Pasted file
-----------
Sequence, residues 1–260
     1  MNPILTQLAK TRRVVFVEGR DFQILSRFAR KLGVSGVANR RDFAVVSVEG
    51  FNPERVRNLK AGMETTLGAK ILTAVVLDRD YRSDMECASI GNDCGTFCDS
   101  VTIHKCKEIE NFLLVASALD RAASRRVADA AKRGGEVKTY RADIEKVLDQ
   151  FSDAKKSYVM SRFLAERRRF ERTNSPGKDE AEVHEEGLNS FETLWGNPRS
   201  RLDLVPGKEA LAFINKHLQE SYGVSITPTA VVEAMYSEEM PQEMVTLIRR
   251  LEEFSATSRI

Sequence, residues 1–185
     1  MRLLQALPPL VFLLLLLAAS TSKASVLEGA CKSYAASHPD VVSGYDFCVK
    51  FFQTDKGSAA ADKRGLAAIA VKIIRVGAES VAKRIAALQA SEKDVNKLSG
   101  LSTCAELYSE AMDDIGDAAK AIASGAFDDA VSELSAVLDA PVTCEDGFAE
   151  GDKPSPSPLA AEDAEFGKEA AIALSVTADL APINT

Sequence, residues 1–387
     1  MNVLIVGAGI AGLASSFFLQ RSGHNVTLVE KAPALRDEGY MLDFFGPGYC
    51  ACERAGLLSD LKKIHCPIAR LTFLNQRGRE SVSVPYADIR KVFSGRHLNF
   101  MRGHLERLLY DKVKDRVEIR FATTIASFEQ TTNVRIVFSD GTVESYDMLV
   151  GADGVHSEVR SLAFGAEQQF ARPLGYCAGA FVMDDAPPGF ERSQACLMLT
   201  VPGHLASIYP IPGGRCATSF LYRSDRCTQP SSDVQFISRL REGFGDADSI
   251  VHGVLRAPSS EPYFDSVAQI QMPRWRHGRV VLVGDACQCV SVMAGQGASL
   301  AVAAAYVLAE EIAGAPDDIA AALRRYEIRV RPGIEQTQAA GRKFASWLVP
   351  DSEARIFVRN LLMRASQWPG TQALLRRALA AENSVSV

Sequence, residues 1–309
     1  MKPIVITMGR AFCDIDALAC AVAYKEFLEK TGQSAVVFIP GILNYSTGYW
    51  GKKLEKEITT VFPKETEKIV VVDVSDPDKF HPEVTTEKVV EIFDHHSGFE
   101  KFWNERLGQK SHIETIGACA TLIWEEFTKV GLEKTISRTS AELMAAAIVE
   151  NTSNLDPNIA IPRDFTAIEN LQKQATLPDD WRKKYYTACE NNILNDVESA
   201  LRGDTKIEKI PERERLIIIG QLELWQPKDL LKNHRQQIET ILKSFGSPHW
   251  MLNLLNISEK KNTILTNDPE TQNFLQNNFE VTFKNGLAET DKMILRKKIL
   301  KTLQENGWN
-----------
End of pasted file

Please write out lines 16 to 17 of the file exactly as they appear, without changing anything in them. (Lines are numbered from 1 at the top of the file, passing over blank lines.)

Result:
   101  MRGHLERLLY DKVKDRVEIR FATTIASFEQ TTNVRIVFSD GTVESYDMLV
   151  GADGVHSEVR SLAFGAEQQF ARPLGYCAGA FVMDDAPPGF ERSQACLMLT